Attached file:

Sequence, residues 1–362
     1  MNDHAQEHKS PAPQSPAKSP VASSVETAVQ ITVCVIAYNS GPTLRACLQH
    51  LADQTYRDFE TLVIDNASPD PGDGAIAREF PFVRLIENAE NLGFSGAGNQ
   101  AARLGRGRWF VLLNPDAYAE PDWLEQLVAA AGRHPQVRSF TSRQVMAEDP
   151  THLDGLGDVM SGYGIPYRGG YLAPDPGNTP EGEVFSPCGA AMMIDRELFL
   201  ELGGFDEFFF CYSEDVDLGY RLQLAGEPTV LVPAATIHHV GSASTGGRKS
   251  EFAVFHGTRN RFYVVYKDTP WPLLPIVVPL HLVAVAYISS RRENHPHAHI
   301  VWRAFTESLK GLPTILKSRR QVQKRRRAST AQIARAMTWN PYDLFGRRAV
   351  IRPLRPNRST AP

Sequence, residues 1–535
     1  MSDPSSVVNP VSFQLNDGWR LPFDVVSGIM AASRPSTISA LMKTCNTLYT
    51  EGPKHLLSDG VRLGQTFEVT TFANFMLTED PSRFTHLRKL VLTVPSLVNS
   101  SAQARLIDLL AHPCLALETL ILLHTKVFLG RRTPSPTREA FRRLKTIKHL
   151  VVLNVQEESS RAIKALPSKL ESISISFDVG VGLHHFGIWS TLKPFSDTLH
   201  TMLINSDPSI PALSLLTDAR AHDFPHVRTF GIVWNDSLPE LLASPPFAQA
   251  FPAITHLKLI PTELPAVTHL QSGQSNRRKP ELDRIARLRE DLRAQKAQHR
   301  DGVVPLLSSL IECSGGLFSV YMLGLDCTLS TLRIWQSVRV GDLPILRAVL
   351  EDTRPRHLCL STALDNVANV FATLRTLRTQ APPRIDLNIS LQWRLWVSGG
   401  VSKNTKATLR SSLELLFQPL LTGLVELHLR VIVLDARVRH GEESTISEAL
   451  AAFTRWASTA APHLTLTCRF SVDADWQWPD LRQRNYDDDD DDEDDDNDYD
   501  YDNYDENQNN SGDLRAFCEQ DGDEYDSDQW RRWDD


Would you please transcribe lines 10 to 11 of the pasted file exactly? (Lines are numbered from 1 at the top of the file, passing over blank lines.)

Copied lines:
Sequence, residues 1–535
     1  MSDPSSVVNP VSFQLNDGWR LPFDVVSGIM AASRPSTISA LMKTCNTLYT